Opportunities aren't equally distributed. Some people have access to more and better opportunities than others.

What is Inequality of Opportunity?

Inequality of opportunity (IOp) is the share of overall inequality that can be predicted by pre-determined, typically inherited circumstances, such as family background, race / ethnicity, caste, biological sex, and place of birth.

Based on these personal characteristics, different statistical methods can divide the population of a country into subgroups that share common circumstances, and compare their income distributions. While an ‘ex-ante’ approach compares averages across these groups, an ‘ex-post’ alternative accounts for differences at every point in the distribution. Headline measures of inequality of opportunity summarize these differences.

What is Equality of Opportunity?

What is Intergenerational Mobility?

Equalizing opportunities requires increasing social mobility across generations, and measures of intergenerational mobility (IGM) are closely related to our measures of IOp. Like IOp, IGM estimates come in many shapes and sizes, including regression coefficients, elasticities, correlation coefficients etc., and each of those either for levels or ranks.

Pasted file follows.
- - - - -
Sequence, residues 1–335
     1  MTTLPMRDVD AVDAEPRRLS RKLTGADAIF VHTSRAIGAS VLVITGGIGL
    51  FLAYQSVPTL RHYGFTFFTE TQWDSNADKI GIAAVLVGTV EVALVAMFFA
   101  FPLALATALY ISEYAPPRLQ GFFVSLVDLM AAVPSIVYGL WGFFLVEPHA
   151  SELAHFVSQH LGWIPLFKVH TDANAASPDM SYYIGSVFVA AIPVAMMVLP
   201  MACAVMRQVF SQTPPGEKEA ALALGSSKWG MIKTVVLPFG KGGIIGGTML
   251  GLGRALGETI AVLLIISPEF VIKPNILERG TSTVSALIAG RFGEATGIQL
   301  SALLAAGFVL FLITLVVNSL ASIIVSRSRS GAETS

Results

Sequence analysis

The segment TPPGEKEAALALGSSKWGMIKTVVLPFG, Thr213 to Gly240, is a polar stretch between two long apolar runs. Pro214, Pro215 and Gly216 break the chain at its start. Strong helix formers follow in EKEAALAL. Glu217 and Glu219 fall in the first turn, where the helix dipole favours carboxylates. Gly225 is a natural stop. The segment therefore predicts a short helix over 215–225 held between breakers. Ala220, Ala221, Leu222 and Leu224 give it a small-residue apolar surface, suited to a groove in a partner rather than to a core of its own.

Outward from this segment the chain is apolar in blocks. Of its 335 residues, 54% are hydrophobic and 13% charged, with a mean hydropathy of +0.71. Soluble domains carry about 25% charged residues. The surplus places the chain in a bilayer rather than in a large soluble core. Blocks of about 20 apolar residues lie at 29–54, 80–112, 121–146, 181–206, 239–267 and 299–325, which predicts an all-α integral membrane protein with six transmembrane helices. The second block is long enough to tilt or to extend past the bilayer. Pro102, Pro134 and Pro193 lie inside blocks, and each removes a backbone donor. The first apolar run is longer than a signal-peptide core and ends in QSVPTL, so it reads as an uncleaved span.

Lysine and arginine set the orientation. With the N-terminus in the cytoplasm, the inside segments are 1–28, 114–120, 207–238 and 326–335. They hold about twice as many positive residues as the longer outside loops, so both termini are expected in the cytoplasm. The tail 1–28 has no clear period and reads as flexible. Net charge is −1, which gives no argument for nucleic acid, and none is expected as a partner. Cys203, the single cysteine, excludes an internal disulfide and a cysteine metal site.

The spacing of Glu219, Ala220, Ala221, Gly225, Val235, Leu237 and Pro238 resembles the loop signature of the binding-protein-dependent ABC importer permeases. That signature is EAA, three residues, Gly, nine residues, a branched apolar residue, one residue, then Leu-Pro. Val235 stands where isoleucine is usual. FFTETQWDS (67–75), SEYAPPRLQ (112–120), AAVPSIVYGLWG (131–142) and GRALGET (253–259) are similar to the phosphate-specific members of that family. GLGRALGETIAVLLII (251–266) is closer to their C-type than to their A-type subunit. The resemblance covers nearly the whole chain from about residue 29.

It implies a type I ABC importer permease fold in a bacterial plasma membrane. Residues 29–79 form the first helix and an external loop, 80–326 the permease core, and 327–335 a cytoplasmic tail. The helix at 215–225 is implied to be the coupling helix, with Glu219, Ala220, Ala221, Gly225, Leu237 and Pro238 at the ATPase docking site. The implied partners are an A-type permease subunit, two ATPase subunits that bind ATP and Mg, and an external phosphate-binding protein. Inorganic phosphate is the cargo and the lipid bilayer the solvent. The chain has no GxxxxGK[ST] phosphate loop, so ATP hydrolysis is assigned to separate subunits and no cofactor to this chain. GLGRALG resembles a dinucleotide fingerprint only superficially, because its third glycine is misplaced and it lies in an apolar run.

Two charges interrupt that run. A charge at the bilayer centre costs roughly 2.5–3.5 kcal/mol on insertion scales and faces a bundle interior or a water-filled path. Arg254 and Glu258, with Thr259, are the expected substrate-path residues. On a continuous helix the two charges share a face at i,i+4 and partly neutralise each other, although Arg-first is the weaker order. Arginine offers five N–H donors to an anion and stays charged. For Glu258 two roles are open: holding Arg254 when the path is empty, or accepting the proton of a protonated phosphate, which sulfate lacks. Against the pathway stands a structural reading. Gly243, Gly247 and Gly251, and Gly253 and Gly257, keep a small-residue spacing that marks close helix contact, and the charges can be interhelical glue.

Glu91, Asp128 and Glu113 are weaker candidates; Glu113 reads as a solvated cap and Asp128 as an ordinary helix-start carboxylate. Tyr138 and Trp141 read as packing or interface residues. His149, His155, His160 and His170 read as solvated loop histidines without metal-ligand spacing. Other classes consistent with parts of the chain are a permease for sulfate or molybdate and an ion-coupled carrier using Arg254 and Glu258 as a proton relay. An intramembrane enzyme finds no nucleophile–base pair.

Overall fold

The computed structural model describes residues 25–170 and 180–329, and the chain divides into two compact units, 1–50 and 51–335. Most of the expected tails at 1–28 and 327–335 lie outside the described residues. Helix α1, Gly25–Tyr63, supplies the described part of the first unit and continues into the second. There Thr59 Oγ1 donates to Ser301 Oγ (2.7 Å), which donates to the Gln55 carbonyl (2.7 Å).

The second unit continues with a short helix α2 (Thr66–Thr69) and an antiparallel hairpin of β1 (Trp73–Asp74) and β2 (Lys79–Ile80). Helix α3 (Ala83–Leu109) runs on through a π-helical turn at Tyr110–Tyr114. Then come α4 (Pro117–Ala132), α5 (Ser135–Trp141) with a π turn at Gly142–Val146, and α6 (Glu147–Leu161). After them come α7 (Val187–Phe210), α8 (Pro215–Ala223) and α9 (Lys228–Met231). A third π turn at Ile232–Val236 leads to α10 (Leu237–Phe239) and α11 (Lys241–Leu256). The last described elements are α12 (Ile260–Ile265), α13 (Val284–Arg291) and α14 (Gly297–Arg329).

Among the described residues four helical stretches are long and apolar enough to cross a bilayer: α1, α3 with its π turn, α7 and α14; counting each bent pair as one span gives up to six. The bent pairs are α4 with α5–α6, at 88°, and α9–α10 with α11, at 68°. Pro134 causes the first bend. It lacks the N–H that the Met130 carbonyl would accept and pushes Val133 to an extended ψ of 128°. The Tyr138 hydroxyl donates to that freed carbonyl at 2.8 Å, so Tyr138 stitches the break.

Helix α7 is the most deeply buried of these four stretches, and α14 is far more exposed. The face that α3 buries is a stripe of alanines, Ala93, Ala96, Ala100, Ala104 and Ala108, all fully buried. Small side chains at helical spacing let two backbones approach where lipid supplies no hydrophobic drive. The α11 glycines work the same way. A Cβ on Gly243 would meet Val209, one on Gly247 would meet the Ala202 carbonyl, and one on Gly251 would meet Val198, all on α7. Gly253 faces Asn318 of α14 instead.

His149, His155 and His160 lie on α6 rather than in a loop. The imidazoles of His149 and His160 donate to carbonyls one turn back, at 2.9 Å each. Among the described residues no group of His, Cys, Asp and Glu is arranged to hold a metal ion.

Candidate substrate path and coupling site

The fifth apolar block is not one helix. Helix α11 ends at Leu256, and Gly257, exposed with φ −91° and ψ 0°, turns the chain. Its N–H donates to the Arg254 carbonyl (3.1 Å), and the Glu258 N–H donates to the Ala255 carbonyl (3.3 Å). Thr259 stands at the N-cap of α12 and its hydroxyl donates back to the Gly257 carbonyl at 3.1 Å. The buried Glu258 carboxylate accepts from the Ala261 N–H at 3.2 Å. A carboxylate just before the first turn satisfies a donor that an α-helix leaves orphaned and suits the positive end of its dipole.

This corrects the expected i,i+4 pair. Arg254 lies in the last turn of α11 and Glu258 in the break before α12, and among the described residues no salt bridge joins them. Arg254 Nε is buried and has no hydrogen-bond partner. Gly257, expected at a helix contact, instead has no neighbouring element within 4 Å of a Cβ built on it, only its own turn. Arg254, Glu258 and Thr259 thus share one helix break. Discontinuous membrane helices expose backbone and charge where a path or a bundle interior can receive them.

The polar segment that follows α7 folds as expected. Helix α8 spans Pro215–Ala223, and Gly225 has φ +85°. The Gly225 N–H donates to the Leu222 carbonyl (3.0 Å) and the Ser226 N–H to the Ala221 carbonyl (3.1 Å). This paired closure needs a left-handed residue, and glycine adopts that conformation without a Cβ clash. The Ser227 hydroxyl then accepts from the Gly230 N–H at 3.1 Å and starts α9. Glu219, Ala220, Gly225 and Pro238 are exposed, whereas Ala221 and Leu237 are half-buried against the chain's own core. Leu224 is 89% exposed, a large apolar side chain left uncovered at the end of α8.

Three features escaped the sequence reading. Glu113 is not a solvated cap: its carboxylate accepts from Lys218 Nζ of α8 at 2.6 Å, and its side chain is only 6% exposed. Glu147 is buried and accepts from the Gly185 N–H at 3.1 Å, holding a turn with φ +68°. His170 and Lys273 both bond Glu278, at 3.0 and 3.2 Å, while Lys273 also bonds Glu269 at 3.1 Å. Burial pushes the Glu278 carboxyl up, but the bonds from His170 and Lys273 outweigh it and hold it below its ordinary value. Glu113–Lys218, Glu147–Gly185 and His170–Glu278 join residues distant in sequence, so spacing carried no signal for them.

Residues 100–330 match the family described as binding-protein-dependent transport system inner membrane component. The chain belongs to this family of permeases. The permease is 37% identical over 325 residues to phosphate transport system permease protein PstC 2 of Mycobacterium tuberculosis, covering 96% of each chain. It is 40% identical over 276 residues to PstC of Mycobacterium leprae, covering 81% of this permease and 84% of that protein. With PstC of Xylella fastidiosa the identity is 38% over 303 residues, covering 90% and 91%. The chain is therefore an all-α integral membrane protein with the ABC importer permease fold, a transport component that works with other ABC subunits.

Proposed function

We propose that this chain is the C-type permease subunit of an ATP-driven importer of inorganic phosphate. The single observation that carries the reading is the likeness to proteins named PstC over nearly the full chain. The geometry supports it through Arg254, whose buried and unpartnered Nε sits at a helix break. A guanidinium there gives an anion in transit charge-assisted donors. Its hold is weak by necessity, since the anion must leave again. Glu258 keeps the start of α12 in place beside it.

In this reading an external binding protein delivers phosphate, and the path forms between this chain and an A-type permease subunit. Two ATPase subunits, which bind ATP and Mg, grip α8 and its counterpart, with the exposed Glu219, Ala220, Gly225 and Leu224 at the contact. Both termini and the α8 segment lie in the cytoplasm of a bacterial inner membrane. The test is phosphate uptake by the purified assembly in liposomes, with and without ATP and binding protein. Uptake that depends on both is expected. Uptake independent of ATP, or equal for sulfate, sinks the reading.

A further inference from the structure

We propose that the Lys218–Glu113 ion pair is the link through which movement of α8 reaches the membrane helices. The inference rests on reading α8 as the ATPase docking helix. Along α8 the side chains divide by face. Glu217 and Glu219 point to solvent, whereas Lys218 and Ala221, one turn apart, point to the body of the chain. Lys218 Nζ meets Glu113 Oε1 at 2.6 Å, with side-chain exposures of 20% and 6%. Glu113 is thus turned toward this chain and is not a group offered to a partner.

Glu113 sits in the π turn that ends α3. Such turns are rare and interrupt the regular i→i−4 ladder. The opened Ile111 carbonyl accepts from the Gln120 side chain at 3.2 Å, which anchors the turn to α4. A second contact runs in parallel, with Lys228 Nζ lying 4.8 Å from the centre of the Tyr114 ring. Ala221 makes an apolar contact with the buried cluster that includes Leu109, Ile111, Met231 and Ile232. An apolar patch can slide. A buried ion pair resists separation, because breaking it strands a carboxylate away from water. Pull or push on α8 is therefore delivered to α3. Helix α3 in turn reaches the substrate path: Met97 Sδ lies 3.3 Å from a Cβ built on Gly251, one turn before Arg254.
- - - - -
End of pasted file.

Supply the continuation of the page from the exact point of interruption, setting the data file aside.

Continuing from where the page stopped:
We hope that future versions of GEOM will also include measures of intergenerational mobility, to be drawn from existing research. Watch this space.

Why Inequality of Opportunity matters?

Glossary & Documentation

Although the basic idea of inequality of opportunity is both intuitive and powerful, measuring it requires struggling with some hard statistical problems. This inevitably creates some jargon. Although we have tried to keep it to a minimum on this site, here is a glossary to help you with any technical words that slipped through the net…